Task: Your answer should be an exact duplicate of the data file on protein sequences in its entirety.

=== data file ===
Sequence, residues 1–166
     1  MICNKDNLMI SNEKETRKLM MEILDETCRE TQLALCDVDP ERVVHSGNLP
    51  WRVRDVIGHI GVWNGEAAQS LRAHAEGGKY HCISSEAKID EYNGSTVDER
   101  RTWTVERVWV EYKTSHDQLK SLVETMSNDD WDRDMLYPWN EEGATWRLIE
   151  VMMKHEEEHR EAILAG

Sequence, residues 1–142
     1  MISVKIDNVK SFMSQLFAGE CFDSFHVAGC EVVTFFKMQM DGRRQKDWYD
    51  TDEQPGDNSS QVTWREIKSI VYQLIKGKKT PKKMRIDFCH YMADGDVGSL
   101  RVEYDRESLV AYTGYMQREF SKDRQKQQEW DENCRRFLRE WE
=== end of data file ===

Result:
Sequence, residues 1–166
     1  MICNKDNLMI SNEKETRKLM MEILDETCRE TQLALCDVDP ERVVHSGNLP
    51  WRVRDVIGHI GVWNGEAAQS LRAHAEGGKY HCISSEAKID EYNGSTVDER
   101  RTWTVERVWV EYKTSHDQLK SLVETMSNDD WDRDMLYPWN EEGATWRLIE
   151  VMMKHEEEHR EAILAG

Sequence, residues 1–142
     1  MISVKIDNVK SFMSQLFAGE CFDSFHVAGC EVVTFFKMQM DGRRQKDWYD
    51  TDEQPGDNSS QVTWREIKSI VYQLIKGKKT PKKMRIDFCH YMADGDVGSL
   101  RVEYDRESLV AYTGYMQREF SKDRQKQQEW DENCRRFLRE WE